Guidance for Harvard affiliates traveling to Zika-affected regions
The Centers for Disease Control and Prevention (CDC) issued level 2 travel alerts (practice enhanced precautions) over the past two years for parts of Africa, the Americas, the Caribbean, Asia, Oceania, and the Pacific Islands due to the transmission of the Zika virus infection. Zika remains a risk, and the virus is likely to spread to other countries. We'll continue to monitor the outbreak and update our guidance in coordination with Harvard University Health Services, our affiliated hospitals, the CDC, and other medical agencies.
Symptoms and How Zika is Spread
The Zika virus is spread primarily by mosquito bites, although sexual transmission from a male partner is also possible. Symptoms are typically mild—lasting several days to a week—and include fever, rash, joint or muscle pain, headache, and conjunctivitis. Most people with Zika don’t know they have it. There is neither a vaccine to prevent the virus nor medicine to treat it at present.
Zika virus can also be spread from a pregnant woman to her fetus and has been linked to microcephaly, a serious birth defect. As there are still many unknowns, the CDC recommends special precautions for pregnant women and women trying to become pregnant.
- Consult with your healthcare providers or visit a travel clinic, especially if you’re pregnant or planning to become pregnant. The CDC recommends that pregnant women do not travel to Zika-affected areas.
- Build your own Zika prevention kit.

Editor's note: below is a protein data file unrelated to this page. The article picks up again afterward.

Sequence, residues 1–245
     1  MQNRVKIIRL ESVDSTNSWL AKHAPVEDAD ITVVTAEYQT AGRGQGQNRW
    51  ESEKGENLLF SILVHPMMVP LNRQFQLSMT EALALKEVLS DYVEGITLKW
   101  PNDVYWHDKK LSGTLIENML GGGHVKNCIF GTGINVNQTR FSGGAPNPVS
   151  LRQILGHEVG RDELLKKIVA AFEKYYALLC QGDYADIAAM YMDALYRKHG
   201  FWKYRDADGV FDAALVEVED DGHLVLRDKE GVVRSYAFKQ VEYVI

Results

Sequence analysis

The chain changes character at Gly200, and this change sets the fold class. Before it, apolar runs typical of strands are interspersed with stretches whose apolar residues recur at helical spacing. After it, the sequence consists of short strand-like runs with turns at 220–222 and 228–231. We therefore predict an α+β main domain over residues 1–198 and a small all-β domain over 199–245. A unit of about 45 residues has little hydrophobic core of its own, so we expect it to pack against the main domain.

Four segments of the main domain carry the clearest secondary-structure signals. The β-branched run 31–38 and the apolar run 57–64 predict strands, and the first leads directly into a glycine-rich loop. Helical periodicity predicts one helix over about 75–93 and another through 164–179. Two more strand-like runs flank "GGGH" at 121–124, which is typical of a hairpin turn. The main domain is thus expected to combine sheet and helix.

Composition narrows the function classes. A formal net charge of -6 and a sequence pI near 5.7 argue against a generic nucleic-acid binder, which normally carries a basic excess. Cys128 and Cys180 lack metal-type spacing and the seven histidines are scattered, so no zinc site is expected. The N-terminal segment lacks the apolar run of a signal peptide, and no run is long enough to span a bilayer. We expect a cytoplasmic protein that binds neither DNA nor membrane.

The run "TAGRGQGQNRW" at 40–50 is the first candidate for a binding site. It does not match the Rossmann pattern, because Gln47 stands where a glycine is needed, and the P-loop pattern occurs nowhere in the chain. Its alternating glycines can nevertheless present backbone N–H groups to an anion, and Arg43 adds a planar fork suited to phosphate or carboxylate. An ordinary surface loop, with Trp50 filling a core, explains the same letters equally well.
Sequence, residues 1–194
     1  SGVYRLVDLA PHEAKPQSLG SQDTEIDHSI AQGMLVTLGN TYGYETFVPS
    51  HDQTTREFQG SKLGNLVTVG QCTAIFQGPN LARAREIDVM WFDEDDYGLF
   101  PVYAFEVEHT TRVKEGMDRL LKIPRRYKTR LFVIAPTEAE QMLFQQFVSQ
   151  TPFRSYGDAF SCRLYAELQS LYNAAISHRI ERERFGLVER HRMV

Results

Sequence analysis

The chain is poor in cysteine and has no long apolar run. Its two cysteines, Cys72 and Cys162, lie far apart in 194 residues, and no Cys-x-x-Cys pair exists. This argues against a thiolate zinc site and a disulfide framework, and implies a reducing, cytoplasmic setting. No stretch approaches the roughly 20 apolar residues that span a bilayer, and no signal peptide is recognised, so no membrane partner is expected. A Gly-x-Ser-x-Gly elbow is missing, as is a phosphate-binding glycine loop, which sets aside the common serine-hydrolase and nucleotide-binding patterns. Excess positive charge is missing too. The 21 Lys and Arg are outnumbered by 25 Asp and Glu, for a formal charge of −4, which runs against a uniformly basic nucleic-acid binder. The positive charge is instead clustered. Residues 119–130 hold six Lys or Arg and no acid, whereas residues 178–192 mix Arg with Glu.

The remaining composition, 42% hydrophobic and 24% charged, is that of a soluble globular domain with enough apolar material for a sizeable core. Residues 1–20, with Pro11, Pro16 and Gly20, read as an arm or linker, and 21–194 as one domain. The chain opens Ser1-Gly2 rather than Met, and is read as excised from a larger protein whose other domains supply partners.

- Treat your clothing and gear (i.e. boots, socks, pants, hats, and tents) with permethrin or buy pre-treated items.
- Enter your travel in the International SOS MyTrips platform.
- Wear long-sleeved shirts, long pants, and high socks to cover exposed skin.
- Use EPA-registered insect repellents containing DEET, picaridin, oil of lemon eucalyptus (OLE), or IR3535.
- Stay and sleep in screened-in or air-conditioned rooms.
- Use a mosquito bed net.
- Use condoms or abstain from sexual activity.
- If you feel sick and think you may have Zika, contact International SOS by phone at +1-617-998-0000 or through the International SOS Assistance App. Case managers will advise you on your situation and work with us to connect you to appropriate medical resources.
- Use insect repellent for 3 weeks to prevent mosquito bites and spreading Zika to uninfected mosquitos.
- Use condoms to protect your partner; if your partner is pregnant, use condoms or abstain from sexual activity for the duration of the pregnancy.
- Watch for symptoms.
- If you think you may have Zika, consult with your healthcare providers about your symptoms and your recent travel.